That is why, at the throne of God in John’s vision in Revelation, it is an astounding thing to John that those present at the throne will be able to see the face of God. 

Longing to See His Face

For people who have given themselves to serve the Lord, the desire to see God is so strong that it sometimes consumes their thoughts. There were times in history when some people were given a vision of God – when they saw some aspect of God.

But to see his face! – That privilege has been given to no man.

Even John, before he wrote the words I just mentioned about anticipating the day when he would see God, had had a previous vision of God unlike most other people. At one point during the time when Jesus was on earth, he took John, along with Peter and James, up upon a mountain where they saw Jesus transfigured so that his appearance became more than just that of a man. The face of Jesus was shining as if it were the sun, and his garment became as white as light. Even with this, John knew that what he saw was not the full and unmuted glory of God. God, in fact, spoke in that moment with a great voice from the clouds declaring Jesus as his Son. “Listen to him,” God said (Matthew 17:1-8).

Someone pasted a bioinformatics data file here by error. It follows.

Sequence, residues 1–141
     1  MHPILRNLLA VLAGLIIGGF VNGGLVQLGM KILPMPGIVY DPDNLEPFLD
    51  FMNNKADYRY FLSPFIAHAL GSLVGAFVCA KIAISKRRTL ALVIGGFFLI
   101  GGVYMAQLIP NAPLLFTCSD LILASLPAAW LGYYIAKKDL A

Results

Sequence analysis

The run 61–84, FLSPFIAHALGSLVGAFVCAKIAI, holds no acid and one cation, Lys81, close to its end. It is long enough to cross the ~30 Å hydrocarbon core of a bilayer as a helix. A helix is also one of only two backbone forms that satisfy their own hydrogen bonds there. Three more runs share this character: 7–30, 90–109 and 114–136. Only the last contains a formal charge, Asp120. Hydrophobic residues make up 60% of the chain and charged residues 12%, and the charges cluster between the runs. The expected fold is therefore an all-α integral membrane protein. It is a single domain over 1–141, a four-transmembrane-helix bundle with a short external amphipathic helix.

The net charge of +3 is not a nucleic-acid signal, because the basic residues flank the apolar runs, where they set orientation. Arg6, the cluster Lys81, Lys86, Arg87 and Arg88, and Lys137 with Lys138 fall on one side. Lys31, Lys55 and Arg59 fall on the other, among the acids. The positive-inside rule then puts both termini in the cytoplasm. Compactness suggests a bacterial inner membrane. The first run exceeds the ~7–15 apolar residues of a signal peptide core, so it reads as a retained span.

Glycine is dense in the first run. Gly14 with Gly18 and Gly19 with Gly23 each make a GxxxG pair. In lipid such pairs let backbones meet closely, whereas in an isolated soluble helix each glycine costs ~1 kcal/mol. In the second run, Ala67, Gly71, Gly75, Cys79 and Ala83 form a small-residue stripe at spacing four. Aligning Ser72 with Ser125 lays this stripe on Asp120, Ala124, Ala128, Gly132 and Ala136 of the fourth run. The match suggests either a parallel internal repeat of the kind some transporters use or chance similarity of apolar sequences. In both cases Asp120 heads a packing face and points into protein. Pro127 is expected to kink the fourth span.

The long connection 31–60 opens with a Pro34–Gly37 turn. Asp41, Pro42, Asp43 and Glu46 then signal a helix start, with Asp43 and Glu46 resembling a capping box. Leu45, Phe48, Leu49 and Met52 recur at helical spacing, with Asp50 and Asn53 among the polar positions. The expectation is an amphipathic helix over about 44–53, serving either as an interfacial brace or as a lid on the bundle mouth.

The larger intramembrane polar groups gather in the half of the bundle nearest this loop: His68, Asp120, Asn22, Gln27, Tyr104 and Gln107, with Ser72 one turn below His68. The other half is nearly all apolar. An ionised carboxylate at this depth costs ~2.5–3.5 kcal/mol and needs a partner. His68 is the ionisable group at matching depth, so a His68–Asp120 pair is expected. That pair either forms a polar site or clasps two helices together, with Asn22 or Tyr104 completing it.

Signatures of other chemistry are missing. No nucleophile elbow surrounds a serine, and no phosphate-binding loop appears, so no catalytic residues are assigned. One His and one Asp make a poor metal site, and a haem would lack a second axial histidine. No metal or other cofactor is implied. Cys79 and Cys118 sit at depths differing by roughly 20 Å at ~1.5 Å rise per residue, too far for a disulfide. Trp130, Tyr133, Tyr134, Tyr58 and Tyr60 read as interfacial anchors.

As astounding as this appearance of Jesus must have been, John realized that even this was not the full glory of God. That shall come, as John said in Revelation, when “They shall see his face.”

Then, “When he appears, we shall be like him, for we will see him as he is,” John said. 

What Moses Saw

Long before John’s statements, God told Moses, “You cannot see My face; for no man shall see Me, and live” (Exodus 33:20).

It is true that we are told that when Moses met with God at an earlier time, God “spoke to him face to face, as a man speaks with a friend” (Exodus 33:11). Whatever that means exactly, it must not have meant that Moses saw the full glory of God’s face. It only means that they conversed, as one would do with a friend. When God spoke to Moses, it was not as in most occasions when God merely gave his words to the prophets so that the prophets could then communicate these words to the people. Rather, when Moses and God conversed, they did so as two friends would have conversation.

Abraham may have also had a similar relationship with God, since he is also called “the friend of God” (2 Chronicles 20:7; Isaiah 41:8; James 2:23).